Why Do We Hurt the Ones We Love Most?

58

If you hurt those you love, it worries you and you don’t understand why. There can be many reasons why people do this, but some of the most common include feelings of anger, frustration, or contempt. You may feel that you are not receiving the love and attention you need, so you give it to those closest to you. Or you may offend people because someone has treated you that way in the past.

Whatever the reason, it’s important to understand why you’re doing it to stop. Here are some of the most common reasons why we insult our loved ones.

Your way is the only right way

One of the common reasons people hurt the ones they love is because they feel like their way is the only right way. This can be due to a need for control or a fear of change. When you’re used to things being a certain way, it can be difficult to imagine anything different. But if you’re not willing to budge on your opinions or listen to others, it can lead to conflict.

It’s important to remember that just because you see things one way doesn’t mean that’s the only way they can be. Be open to hearing other points of view and consider making some compromises. It can help prevent arguments and hurt feelings in the long run. It’s important to try to be open-minded. Consider your loved one’s perspective and listen to their suggestions. They may have a different way of doing things that could be better than what you’re used to.

Control for protection

It’s normal to want to know why we hurt the ones we love most. After all, no one sets out to deliberately hurt the people they care about. So what causes us to do something that we know is going to cause pain?

One of the most common reasons is that we’re trying to gain control. This might be because we’ve experienced pain at the hands of someone who had control over us in the past. As a result, we vow never to let anyone have that kind of power over us again.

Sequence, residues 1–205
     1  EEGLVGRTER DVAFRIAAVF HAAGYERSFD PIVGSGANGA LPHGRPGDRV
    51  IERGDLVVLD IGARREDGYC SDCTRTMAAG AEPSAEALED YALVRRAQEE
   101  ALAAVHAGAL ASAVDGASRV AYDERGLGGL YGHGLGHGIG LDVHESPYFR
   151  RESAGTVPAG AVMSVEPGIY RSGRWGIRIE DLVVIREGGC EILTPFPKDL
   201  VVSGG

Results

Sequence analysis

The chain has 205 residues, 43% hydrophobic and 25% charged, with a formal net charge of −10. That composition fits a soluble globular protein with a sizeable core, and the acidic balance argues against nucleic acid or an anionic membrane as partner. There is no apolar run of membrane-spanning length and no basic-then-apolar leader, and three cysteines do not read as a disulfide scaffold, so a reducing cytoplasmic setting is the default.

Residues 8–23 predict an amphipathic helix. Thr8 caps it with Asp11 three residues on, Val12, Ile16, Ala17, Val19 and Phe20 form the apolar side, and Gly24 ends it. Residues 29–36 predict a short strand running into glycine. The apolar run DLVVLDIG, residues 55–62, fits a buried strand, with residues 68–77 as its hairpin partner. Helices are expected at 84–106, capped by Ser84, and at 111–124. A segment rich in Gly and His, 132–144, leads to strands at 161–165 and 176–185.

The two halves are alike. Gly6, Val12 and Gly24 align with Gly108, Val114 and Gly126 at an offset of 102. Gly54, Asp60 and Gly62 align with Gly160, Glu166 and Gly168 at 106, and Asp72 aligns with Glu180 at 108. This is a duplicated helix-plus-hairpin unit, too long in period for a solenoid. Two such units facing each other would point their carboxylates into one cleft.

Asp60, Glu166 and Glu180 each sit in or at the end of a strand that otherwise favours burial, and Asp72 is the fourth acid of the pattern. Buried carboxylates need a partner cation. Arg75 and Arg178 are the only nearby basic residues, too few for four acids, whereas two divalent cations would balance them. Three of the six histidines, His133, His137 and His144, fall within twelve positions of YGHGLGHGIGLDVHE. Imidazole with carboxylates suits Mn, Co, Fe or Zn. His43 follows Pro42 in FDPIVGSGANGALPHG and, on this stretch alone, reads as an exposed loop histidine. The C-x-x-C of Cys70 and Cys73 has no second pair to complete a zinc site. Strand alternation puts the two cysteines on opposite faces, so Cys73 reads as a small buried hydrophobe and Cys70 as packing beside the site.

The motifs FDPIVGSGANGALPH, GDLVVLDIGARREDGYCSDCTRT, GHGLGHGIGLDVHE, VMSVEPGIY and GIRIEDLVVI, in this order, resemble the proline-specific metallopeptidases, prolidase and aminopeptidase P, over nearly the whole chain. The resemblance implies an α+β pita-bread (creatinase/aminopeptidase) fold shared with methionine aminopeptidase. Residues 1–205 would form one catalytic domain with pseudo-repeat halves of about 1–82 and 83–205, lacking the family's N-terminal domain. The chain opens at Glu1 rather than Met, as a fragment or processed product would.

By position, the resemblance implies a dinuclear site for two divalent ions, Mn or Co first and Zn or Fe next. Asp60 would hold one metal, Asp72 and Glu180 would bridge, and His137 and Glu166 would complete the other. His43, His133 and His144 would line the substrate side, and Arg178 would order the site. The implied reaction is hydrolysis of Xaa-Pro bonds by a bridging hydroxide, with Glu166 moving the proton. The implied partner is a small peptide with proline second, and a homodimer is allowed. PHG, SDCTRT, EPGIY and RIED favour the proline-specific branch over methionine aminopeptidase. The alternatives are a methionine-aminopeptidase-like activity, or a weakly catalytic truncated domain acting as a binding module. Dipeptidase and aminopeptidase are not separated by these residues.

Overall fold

In some cases, it’s not about control but fear. We’re afraid of being vulnerable and at the mercy of others. We might think that if we’re always in control, we can avoid being hurt again.

Of course, this often backfires, because maintaining control can be destructive. Criticism, name-calling, and putting our partners down are all ways we try to keep them under our thumb. And when that doesn’t work, we resort to guilt-tripping, manipulation, and emotional blackmail.

Sometimes we do these things without even realizing it, especially if we’ve grown up in a family where this kind of behavior was considered normal. But just because it’s common doesn’t mean it’s okay. If you find yourself hurting the ones you love, it might be time to take a step back and examine why you’re doing it. Only then can you start to make changes and build healthier happier relationships.

You are testing the boundaries

Sometimes when we care about someone, we unintentionally test their boundaries to see how much they love us. We might do things that we know will upset them, just to see if they’ll still be there when we’re done.

For example, you might fight with your partner and then refuse to talk to them for days on end, just to see if they’ll try to patch things up with you. Or, you might purposely ignore your partner’s needs to see if they’ll still be there when you come back around.

There are many reasons why we might do this. Often, it stems from a lack of self-confidence or insecurity in the relationship. We might need reassurance from our partners that they still love us, even when we screw up.